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In Zucker Diabetic Fatty Rats, Subclinical Diabetic Neuropathy Increases In Vivo Lidocaine Block Duration But Not In Vitro Neurotoxicity
  1. Philipp Lirk, MD, MSc*,,
  2. Magdalena Flatz, MD,
  3. Ingrid Haller, MD,
  4. Barbara Hausott, PhD,
  5. Stephan Blumenthal, MD§,
  6. Markus F. Stevens, MD*,
  7. Suzuko Suzuki, MD,
  8. Lars Klimaschewski, MD and
  9. Peter Gerner, MD,
  1. From the *Department of Anesthesiology, Academic Medical Center, University of Amsterdam, the Netherlands; and
  2. Department of Anesthesiology and Critical Care Medicine and
  3. Division of Neuroanatomy, Innsbruck Medical University, Innsbruck, Austria;
  4. §Department of Anesthesia, Hospital Triemli, Zurich, Switzerland;
  5. Department of Anesthesiology, Perioperative and Pain Medicine, Brigham and Women’s Hospital/Harvard Medical School, Boston, Massachusetts; and
  6. Department of Anesthesiology, Perioperative and Intensive Care Medicine, Paracelsus Medical University, Salzburg, Austria.
  1. Address correspondence to: Philipp Lirk, MD, MSc, Department of Anesthesiology, Academic Medical Center, University of Amsterdam, Meibergdreef 9, 1105AZ Amsterdam, the Netherlands (e-mail: p.lirk{at}


Background and Objectives Application of local anesthetics may lead to nerve damage. Increasing evidence suggests that risk of neurotoxicity is higher in patients with diabetic peripheral neuropathy. In addition, block duration may be prolonged in neuropathy. We sought to investigate neurotoxicity in vitro and block duration in vivo in a genetic animal model of diabetes mellitus type 2.

Methods In the first experiments, neurons harvested from control Zucker diabetic fatty (ZDF) rats were exposed to acute (24 hours) or chronic (72 hours) hyperglycemia, followed by incubation with lidocaine 40 mM (approximately 1%). In a second experiment, neurons harvested from control ZDF rats, or diabetic ZDF rats, were incubated with lidocaine, with or without SB203580, an inhibitor of the p38 mitogen-activated protein kinase. Finally, we performed sciatic nerve block (lidocaine 2%, 0.2 mL) in control or diabetic ZDF rats and measured motor and nociceptive block duration.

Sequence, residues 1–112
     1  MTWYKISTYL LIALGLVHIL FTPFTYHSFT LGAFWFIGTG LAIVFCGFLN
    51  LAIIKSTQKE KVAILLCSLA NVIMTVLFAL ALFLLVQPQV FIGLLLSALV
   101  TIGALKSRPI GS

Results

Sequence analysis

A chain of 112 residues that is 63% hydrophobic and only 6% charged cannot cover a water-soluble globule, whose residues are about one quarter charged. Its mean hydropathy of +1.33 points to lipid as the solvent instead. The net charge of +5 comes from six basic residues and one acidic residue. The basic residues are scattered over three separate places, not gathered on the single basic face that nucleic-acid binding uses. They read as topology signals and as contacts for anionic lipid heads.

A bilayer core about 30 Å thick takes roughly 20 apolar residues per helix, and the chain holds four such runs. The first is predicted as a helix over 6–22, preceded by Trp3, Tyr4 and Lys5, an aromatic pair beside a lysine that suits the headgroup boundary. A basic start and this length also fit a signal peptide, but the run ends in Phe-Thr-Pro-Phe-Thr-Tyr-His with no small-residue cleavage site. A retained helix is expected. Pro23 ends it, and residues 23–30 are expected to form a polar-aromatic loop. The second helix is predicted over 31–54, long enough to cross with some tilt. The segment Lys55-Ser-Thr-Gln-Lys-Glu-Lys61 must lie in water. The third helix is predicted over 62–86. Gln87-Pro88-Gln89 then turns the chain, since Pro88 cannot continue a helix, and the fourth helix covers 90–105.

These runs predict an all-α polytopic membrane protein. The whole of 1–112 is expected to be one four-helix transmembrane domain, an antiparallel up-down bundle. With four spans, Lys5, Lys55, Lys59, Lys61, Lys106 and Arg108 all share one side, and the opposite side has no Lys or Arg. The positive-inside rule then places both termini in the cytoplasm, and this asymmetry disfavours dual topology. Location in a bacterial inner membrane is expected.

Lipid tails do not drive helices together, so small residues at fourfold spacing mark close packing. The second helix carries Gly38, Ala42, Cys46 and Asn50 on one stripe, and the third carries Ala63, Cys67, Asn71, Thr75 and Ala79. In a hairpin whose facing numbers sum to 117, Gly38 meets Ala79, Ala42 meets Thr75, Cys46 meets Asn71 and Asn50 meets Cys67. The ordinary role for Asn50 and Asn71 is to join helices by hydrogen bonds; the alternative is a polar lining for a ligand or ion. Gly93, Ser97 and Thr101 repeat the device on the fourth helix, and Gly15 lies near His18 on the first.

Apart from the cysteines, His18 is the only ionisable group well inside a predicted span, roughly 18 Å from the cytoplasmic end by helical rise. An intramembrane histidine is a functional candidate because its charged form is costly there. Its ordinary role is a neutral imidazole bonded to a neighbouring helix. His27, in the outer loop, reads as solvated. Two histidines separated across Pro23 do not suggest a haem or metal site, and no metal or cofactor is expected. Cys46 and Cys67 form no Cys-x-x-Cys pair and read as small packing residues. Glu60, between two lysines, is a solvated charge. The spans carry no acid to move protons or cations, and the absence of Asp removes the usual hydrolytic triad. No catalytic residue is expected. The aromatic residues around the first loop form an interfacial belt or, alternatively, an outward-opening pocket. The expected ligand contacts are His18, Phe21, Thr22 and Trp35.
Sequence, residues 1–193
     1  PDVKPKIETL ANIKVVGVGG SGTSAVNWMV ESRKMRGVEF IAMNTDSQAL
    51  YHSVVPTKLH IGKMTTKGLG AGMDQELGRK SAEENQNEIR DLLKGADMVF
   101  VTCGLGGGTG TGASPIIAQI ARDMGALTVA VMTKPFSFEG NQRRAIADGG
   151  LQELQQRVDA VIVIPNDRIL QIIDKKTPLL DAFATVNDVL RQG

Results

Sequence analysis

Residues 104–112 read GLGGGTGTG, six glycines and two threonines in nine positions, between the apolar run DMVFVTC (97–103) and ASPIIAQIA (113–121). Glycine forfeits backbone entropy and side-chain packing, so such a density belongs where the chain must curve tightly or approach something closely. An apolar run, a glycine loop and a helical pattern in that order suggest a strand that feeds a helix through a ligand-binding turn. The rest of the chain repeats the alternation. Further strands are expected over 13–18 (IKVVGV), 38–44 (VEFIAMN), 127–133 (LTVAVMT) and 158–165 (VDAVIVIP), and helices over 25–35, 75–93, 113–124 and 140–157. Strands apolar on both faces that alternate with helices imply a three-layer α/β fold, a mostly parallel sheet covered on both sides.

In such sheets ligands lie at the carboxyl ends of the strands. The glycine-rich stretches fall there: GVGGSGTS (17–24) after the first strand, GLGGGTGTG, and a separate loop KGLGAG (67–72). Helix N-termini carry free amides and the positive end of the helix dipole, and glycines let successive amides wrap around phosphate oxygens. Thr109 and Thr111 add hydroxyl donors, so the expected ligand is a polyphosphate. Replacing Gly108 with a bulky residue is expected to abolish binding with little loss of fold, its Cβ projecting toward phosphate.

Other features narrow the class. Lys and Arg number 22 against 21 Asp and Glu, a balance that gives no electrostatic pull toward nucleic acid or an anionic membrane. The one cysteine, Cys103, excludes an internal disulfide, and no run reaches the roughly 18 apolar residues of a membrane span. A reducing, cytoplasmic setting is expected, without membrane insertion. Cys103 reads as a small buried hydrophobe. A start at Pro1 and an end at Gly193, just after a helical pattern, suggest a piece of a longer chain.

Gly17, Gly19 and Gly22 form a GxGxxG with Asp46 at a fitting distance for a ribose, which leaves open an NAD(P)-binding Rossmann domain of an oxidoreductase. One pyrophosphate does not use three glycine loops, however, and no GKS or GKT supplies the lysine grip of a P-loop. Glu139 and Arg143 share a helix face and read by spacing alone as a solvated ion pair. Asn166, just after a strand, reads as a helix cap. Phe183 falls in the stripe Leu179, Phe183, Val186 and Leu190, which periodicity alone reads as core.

Results In vitro, neither acute nor chronic hyperglycemia altered neurotoxic properties of lidocaine. In vitro, incubation of neurons with lidocaine resulted in a slightly decreased survival ratio when neurons were harvested from diabetic (57% ± 19%) as compared with control (64% ± 9%) rats. The addition of SB203580 partly reversed this enhanced neurotoxic effect and raised survival to 71% ± 12% in diabetic neurons and 66% ± 9% in control rats, respectively. In vivo, even though no difference was detected at baseline testing, motor block was significantly prolonged in diabetic as compared with control rats (137 ± 16 vs 86 ± 17 min).

Conclusions In vitro, local anesthetic neurotoxicity was more pronounced on neurons from diabetic animals, but the survival difference was small. In vivo, subclinical neuropathy leads to substantial prolongation of block duration. We conclude that early diabetic neuropathy increases block duration, whereas the observed increase in toxicity was small.

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  • The authors declare no conflict of interest.

  • This study was supported by departmental funds and the National Institutes of Health, Bethesda, MD (research grant no. GM64051 to P.G.).